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I am having this same issue with Roxy ( 4 months)...the fex ex man even called her a chicken today...I wanted to say OH YEAH come back in a couple months..but I didn't.
Some people she will let approach her and she'll approach but others she won't. I'm sure his truck pulling in our driveway is what set off this "skittish" moment.

I am going to look into that book too. I want her to be a happy confident pup. I was comforted to hear that sometimes the females are like this. We have her brother in our puppy class and he's total opposite of her..he's hyper and he'll go to anybody
 

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It has NOTHING to do with the sex of the dog. I have had two fearful dogs and both were male. None of my females were fearful. I think that poster makes thing up to sound knowledgeable. :(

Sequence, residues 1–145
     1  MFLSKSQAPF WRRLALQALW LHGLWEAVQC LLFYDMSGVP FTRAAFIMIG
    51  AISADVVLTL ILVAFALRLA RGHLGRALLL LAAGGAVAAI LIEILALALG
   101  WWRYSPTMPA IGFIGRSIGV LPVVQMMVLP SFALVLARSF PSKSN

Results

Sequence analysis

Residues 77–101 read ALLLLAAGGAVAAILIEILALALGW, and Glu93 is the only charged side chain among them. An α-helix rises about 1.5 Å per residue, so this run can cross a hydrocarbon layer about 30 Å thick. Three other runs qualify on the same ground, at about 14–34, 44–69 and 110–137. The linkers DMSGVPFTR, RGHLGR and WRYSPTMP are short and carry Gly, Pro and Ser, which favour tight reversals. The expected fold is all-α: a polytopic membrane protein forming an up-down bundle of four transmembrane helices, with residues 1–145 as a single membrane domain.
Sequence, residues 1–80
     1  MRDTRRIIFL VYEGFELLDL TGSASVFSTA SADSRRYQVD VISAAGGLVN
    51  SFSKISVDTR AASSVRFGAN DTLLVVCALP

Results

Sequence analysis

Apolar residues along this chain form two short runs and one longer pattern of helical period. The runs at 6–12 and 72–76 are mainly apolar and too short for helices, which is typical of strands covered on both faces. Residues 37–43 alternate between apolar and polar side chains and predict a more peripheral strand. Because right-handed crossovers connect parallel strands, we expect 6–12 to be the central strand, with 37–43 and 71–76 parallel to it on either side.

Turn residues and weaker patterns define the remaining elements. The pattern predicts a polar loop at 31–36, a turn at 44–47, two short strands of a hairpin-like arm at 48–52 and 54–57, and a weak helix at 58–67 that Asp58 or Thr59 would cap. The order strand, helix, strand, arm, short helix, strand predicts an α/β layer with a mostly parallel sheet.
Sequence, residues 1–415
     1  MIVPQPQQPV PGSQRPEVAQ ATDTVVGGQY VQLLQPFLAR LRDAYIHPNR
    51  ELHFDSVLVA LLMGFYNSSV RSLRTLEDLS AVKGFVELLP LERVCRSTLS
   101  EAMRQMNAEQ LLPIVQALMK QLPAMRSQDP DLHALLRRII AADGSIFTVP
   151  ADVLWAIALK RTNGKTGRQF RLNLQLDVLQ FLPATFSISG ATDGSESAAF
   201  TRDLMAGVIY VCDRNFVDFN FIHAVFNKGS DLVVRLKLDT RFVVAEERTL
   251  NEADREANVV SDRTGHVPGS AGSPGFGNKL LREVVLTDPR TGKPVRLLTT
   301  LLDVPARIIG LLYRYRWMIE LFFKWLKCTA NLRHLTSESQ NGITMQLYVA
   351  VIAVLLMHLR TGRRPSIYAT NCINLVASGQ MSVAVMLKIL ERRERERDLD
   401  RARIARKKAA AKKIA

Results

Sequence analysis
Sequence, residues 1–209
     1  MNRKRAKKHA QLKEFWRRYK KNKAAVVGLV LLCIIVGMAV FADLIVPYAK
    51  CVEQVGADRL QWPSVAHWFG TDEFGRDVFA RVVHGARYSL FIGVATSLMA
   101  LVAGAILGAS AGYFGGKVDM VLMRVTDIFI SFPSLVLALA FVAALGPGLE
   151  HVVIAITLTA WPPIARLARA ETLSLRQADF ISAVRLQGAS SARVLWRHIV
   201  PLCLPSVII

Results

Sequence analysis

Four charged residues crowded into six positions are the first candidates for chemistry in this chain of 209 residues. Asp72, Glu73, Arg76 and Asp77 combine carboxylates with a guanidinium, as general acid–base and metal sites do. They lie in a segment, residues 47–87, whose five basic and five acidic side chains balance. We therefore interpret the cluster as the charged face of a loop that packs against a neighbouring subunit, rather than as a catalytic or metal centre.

Another GREAT resource for shy or fearful dogs is the yahoo groups shyk9s: shy-k9s : shy-k9s
 

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Nicole Wilde's book is a great resource. Ali Brown's book Scaredy Dog is also a good complementary piece.

It's hard for me to offer more specific advice online because, when a fearful dog is being handled by a person who is also prone to anxiety problems, there are a lot of potential variables and interactions in play that I just can't see. So my suggestion would be instead to read those books, and take a look at Debbie Jacobs's website: Fearfuldogs.com (she also has a book). Take what seems relevant to your situation and workable within your own ethical frame. Try different things and watch carefully to see how your dog reacts. Let your dog's responses be your guide.

Leslie McDevitt's book Control Unleashed also has excellent suggestions and ideas for helping dogs cope with stress generally. It's written for sport dogs, but those same ideas and suggestions work for fearful dogs just trying to get through normal life.